This Is My Desire

Every year Nollywood, the Nigerian Hollywood, produces around a thousand films. Most of these don’t travel outside Africa. The first feature film by the twin brothers Esiri, based on two “twin” stories that precisely depict the desire to go to Europe, is a different case. Mofe, a middle-aged repairman in a factory, and Rosa, a young hairdresser and bartender, both look a way out of the colourful and imprisoning capital Lagos.

The desire driving these two separate stories intersects in the common hope of their characters to migrate to another country. Spain and Italy are the two parts of the film, two cities casting a shadow (or a light) that never materializes in the film, the characters never walking its streets. They can’t get out of a vibrant and unequal Lagos: Mofe and Rosa’s journey is the center of action – from the desperate financial and bureaucratic impediments to the personal tragedies that, skillfully, the Esiri brothers never throw into excessive drama, in this strong first feature. Mofe and Rosa want a better future for their core family, but what the film questions is whether this Europe/future is nothing more than an illusion and if Lagos is not equally disappointing. We are searching for Mofe and Rosa’s desire and the territory to which it belongs. (Mafalda Melo)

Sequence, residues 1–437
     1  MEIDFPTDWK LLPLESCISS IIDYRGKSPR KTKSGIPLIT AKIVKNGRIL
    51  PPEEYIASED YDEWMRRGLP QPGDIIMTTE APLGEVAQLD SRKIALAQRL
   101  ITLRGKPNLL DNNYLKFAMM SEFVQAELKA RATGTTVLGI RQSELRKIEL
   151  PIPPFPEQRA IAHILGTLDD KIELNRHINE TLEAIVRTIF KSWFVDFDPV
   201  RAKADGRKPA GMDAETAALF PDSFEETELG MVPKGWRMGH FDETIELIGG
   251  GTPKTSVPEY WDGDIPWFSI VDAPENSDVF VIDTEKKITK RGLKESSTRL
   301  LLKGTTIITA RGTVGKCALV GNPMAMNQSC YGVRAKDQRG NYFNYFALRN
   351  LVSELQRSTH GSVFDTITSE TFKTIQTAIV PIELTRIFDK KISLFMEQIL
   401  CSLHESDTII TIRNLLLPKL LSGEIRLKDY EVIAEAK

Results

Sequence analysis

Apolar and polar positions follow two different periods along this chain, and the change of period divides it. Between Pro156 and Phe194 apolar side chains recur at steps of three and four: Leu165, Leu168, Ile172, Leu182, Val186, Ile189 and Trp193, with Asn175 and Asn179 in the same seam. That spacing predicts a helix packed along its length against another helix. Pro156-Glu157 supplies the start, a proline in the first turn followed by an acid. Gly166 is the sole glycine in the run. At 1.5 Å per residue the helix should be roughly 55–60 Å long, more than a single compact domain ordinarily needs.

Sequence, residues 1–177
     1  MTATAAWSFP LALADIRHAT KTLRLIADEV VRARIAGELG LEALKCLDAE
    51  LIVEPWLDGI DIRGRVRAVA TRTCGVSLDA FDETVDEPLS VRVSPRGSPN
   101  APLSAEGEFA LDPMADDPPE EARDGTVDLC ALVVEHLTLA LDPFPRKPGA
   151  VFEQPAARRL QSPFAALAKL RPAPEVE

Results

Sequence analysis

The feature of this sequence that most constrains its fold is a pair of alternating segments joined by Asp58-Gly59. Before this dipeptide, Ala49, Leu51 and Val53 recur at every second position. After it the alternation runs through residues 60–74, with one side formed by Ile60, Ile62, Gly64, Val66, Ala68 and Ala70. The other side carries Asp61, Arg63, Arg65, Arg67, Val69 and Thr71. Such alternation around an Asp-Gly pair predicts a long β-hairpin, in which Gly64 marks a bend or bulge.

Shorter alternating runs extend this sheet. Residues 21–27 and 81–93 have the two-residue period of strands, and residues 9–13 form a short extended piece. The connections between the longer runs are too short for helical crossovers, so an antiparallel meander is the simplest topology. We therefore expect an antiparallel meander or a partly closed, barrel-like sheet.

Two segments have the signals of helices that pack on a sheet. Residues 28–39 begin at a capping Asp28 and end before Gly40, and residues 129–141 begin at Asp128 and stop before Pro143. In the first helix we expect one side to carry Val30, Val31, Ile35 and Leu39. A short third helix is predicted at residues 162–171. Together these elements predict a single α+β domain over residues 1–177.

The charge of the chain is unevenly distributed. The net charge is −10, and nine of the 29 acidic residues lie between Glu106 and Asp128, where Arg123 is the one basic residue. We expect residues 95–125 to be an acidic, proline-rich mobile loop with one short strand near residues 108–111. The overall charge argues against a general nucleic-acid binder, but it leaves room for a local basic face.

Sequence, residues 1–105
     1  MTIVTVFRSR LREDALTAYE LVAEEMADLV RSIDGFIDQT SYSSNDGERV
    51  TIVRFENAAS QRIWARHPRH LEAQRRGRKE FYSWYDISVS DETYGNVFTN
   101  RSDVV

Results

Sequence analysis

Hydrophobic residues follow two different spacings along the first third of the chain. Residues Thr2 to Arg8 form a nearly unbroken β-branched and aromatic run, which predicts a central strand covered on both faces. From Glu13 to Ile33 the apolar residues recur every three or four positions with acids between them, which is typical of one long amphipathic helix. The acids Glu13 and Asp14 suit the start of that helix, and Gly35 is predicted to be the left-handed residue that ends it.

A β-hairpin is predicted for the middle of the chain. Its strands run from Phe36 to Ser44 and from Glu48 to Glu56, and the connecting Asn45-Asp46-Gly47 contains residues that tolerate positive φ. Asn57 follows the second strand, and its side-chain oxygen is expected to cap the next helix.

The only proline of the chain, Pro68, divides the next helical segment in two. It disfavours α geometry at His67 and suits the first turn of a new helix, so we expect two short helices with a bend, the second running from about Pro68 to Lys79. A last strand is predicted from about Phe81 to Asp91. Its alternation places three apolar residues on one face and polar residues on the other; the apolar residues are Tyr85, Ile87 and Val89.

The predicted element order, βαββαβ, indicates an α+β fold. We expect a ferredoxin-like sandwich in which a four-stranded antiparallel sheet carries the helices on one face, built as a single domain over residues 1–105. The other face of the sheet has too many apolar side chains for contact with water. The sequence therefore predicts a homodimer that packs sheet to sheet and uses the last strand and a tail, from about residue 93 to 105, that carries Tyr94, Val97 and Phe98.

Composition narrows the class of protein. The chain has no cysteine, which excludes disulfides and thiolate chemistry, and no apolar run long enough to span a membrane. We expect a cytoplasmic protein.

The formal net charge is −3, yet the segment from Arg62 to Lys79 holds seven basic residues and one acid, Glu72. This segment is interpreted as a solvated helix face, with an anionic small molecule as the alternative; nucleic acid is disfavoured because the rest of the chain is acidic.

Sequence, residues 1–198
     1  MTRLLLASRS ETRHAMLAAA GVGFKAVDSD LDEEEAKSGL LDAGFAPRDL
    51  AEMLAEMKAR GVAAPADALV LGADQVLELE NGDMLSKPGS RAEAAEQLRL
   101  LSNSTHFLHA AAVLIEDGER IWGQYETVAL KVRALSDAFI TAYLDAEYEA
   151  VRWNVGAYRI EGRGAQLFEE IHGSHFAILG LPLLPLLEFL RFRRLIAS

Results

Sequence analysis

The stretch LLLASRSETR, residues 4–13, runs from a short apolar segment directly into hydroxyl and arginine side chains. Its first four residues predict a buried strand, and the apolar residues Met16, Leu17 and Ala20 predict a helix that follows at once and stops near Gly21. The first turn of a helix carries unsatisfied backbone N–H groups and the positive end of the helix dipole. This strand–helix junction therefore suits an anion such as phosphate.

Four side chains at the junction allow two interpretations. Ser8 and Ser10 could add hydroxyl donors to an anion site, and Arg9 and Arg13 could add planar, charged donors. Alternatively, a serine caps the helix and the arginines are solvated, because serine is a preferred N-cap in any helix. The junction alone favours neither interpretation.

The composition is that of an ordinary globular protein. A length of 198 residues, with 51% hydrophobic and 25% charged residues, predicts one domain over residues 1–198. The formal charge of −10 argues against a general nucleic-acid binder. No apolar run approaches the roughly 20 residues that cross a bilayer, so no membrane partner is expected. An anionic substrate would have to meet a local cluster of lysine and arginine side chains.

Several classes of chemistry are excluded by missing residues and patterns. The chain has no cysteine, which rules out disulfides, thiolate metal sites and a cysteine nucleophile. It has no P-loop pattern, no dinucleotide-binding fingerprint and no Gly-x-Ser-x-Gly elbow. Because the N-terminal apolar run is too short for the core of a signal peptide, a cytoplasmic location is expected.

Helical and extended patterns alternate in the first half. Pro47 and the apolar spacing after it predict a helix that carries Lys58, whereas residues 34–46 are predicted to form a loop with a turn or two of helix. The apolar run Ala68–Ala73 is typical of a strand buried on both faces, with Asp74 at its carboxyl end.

Toomas Beneath the Valley of the Wild Wolves

Father wolf lost his job, but since he is a hot male he secretly starts working as a gigolo in order to support his family. Mother wolf also has her secrets, involving female empowerment seminars.

Toomas is a wolf engineer in a well paid job; he is also very attractive. After being fired he sees himself without income to support his family that includes his pregnant wife. Toomas is cornered, and accepts a job as a gigolo. Viivi enrolls in a female empowerment conference. The situations and adventures escalate and the sexual journeys that both Toomas and Viivi take culminate in a bizarre climax. (Rui Mendes)